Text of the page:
A 30-year-old 4-month pregnant woman was referred to our outpatient service because of a 3-year history of vegetative lesions in the perianal area that was accompanied by constipation and pain during defecation. The patient denied having the following risk factors for sexually transmitted disease: unprotected sex before marriage, multiple sexual partners, and previous history of anogenital warts. A previous diagnosis of condylomata acuminata led to treatment with 4 cycles of electrodesiccation over the past 3 years. These lesions relapsed a few months later. Ten years before clinical presentation, the patient was diagnosed with ileal Crohn disease (CD) and was treated with systemic corticosteroids and sulphasalazine, which were ineffective. The patient subsequently underwent a 20-cm ileoectomy along with ileocecal valve removal. Six years before clinical presentation, CD extended to involve the descending colon, the sigmoid colon, the rectum, and the anal canal. A perianal fistula that extended from the anal canal to the perianal skin was also present, which had not been surgically corrected.
On physical examination, raised red-violet lesions with a bright red surrounding were evident along the intergluteal cleft and extended from the anal sphincter to the entire perineum. The lesions had a papillomatous appearance and a parenchymal consistency (Fig. 1A). Two 5-mm punch biopsies, to the right and the left side of the anus, were performed, and histologic examination revealed noncaseating granulomas in the deep dermis composed mainly of epithelioid cells and multinucleated giant cells, surrounded by a mixed infiltrate of histiocytes, lymphocytes, plasma cells, and a scarce amount of eosinophils (Fig. 1B). On this basis, we confirmed the presence of perianal CD (PCD), which we suspected on clinical examination.
CD is associated with a great variety of cutaneous manifestations, which can be classified into nonspecific (pyoderma gangrenosum, erythema nodosum, erythema multiforme, palmar erythema, vasculitis) and specific, according to the absence or presence of typical granulomas.1,2
Perianal lesions, one of the most common extraintestinal manifestations of CD, can be documented in one-third of patients with intestinal disease, particularly in those with colon involvement.3–8 They occur concurrently or may precede the intestinal manifestations by a few months or even years.5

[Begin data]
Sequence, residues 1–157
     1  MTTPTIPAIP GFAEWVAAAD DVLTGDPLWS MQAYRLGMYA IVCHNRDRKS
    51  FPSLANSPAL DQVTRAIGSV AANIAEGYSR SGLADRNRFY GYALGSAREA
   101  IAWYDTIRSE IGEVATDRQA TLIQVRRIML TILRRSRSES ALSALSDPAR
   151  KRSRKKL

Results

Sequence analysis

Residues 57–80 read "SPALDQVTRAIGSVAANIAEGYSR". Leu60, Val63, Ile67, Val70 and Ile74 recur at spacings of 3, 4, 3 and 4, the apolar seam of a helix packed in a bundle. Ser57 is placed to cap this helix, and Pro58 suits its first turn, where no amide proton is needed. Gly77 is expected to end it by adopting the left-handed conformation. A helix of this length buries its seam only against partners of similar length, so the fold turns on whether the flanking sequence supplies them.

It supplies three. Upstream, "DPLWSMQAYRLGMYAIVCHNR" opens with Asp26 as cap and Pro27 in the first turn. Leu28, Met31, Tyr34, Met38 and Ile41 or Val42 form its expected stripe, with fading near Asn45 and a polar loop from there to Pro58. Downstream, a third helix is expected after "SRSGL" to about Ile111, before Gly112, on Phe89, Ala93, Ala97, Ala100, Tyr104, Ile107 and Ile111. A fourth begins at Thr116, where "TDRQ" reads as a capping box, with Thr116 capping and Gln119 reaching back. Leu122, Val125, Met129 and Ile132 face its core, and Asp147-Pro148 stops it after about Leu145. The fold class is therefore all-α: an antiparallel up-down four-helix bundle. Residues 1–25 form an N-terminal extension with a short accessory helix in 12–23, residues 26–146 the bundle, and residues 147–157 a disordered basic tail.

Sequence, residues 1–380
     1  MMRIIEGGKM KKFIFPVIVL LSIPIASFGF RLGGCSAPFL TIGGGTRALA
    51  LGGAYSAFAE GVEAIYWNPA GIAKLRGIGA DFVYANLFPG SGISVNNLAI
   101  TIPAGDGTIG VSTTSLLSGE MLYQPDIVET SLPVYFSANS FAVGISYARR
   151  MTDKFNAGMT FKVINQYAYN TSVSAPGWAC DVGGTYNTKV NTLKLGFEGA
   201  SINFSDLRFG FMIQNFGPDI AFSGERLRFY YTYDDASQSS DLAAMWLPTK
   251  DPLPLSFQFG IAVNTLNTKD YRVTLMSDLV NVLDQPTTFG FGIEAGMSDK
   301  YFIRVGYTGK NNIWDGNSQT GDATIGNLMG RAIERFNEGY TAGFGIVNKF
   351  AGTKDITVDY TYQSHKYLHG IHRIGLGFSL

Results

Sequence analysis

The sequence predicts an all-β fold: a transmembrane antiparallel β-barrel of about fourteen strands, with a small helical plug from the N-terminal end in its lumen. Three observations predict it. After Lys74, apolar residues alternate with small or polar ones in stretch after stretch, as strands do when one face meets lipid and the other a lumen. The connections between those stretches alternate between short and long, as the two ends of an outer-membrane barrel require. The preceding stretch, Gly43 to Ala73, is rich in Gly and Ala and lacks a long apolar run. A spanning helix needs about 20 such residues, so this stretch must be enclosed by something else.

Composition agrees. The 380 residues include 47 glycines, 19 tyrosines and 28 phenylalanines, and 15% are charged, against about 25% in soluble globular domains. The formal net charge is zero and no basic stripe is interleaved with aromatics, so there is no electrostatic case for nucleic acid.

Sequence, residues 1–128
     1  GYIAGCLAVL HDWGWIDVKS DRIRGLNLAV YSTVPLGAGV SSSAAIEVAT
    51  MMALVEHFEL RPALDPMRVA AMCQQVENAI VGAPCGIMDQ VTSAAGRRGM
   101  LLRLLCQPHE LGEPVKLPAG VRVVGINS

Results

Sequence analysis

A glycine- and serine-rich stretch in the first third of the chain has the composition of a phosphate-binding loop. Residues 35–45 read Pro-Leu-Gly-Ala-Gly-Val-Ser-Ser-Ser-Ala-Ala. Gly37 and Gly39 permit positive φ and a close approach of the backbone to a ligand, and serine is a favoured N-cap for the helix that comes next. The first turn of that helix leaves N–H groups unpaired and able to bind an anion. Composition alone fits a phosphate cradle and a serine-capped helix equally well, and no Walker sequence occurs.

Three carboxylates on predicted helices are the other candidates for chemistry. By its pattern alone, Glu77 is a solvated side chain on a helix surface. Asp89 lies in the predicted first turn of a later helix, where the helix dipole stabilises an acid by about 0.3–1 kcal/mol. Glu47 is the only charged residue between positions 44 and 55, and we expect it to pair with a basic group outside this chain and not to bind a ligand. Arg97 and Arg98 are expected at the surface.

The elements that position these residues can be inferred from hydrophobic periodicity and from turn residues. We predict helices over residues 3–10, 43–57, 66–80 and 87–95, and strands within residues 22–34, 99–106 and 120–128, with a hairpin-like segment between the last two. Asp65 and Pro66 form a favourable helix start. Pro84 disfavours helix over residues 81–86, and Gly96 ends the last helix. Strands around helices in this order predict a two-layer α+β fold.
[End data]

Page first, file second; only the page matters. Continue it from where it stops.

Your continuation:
The severity of cutaneous involvement is not correlated with the intestinal disease activity. PCD includes fissures, fistulas, and abscesses. Papillomatous vegetations are rarely observed in this condition6–8 and, when present, may resemble condylomata acuminata or a wide variety of cutaneous granulomatous conditions such as sarcoidosis, deep fungal infections, and mycobacterial infections.9
PCD does not usually improve with conventional treatment and/or surgical removal of the intestinal lesions, as witnessed in the present clinical case.3 Several drugs have been attempted but have yielded unsatisfactory results. Among those most utilized are metronidazole, prednisone, cyclosporine, and biologic agents, such as infliximab and adalimumab. Topical treatments include typically tacrolimus, corticosteroids, and antibiotics.2,4,7 Because our patient was pregnant at the moment of clinical presentation, systemic treatment was not possible. Thus, topical corticosteroids (methylprednisolone 0.1% cream) was used and resulted in a partial improvement of the lesions. After giving birth, the patient will initiate systemic therapy at her next follow-up visit.
Papillomatous, vegetative lesions, as previously mentioned, are one of the least common manifestations of PCD and are, thereby, not always given adequate attention. The failure to diagnose PCD occurs more often in highly specialized medical environments, where physicians essentially tend to limit themselves to their field or are trained to follow algorithms without considering the disease as a whole. In such cases, a close collaboration between specialists is necessary for accurate diagnoses and treatment. The present clinical case highlights that despite a positive clinical history of CD, these lesions can be easily misdiagnosed as condylomata acuminata even for periods as long as 3 years.
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